It may, however, not come to that. The thermostat will shut off flow going to a certain zone once the floor surface temp reaches equilibrium with the heat loss from the space. It will depend somewhat on the floor covering and how well insulated the space is.

    There are also some Tekmar controls that can operate 2 Water Channels, ODR curves. For example, if there is a call from the low temp zone, it will operate along that ODR curve. If there is a call from the high temp zone, it will mix the water to a higher temp and follow a higher ODR curve. If there is a simultaneous call from both the low and high temp zones, it will revert to the high temp ODR curve.

    Some trouble shooting tips;
    The ability of a space to reach setpoint depends entirely upon the floor surface temp and area. Lets assume a surface temp that can range from 70° to 82°.

    If the surface temp is 78° to 82°, and the space does not reach set point, chances are you don't have enough floor surface area to properly heat the room.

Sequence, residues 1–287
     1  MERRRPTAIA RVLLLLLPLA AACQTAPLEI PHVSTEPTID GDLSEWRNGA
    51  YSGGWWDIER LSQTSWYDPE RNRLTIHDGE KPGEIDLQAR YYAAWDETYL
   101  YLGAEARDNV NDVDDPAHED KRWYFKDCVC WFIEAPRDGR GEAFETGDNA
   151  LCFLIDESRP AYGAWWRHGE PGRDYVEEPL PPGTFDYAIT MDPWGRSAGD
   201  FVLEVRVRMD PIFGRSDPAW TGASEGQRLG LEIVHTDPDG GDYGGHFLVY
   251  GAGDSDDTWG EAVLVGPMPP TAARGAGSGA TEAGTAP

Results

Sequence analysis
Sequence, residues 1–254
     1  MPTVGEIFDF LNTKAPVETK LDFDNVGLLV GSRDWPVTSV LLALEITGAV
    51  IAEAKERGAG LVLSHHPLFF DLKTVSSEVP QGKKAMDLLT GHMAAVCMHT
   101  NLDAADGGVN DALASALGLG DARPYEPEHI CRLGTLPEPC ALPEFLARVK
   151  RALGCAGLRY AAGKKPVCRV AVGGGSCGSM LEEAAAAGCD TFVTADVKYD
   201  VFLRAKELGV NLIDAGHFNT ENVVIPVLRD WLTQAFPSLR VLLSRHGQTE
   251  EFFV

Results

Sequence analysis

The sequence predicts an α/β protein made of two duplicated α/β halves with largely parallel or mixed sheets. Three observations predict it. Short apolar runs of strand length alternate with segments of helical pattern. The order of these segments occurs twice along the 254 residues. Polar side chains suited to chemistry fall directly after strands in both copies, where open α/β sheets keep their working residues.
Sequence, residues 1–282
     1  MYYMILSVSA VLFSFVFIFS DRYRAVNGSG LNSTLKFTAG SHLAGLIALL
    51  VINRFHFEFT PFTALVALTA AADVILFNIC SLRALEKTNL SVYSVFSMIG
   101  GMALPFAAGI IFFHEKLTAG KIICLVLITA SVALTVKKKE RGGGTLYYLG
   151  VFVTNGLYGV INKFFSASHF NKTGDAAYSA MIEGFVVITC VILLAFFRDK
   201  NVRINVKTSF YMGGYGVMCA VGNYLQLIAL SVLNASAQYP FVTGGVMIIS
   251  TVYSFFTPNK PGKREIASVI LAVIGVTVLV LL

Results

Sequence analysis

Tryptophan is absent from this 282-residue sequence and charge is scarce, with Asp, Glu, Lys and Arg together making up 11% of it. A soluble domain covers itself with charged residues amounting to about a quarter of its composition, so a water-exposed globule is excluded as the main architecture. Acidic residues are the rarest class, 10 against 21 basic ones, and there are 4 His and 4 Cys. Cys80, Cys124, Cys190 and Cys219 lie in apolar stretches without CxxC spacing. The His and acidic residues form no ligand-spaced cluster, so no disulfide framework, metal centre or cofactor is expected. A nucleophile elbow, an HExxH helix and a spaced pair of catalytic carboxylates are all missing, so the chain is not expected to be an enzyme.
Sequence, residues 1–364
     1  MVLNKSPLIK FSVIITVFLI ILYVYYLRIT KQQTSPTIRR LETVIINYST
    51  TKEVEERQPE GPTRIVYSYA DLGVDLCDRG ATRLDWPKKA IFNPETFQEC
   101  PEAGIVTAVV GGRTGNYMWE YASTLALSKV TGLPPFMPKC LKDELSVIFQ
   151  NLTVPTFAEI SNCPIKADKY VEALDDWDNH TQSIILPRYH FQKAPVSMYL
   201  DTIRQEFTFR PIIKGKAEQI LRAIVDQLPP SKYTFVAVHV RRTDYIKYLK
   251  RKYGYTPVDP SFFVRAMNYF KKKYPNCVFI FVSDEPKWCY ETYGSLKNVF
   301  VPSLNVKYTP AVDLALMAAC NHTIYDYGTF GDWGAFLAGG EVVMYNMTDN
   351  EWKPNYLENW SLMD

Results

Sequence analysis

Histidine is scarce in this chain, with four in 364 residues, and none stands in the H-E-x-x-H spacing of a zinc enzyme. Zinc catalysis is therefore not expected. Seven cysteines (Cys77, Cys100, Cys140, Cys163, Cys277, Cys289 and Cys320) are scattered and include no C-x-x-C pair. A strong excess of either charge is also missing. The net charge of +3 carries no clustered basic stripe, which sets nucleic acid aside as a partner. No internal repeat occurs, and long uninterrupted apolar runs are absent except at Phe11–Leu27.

If the surface temp is in the 70° to 74° range and the room does not meet set point, check the following;

    Ensure appropriate flow to the zone.
    Check the entering water temp and the returning water temp. If the DeltaT on the zone is small, say 7° or lower, it means you probably aren't leaving enough heat in the zone due to one of the following;

    The entering water temp is not high enough to produce appropriate heat flow in regards to the tubing application method applied.

    The entering water temp is to low to overcome the floor covering R-values properly.

    The tubing is applied incorrectly, such as staple up or any other method that restricts heat flow from the tube to the floor.


    If the DeltaT is higher, say in the 12° to 16° range, you are leaving heat in the floor but it is escaping to fast in directions other that the room. If this is the case, check for appropriate insulation underneath and all around the perimeter of the floor in question.



    These are just generalized tips that work in the majority, but not all applications. They are no substitute for a proper heatloss calc, but in most cases it will give you a feel for what's going on.


    Harvey
  • j a_2
    j a_2 Member Posts: 1,801
    Harvey, I like your thinking….
  • j a_2
    j a_2 Member Posts: 1,801
    Slightly off subject, here in Mass. driveway snow melt is very uncommon…How about your area..?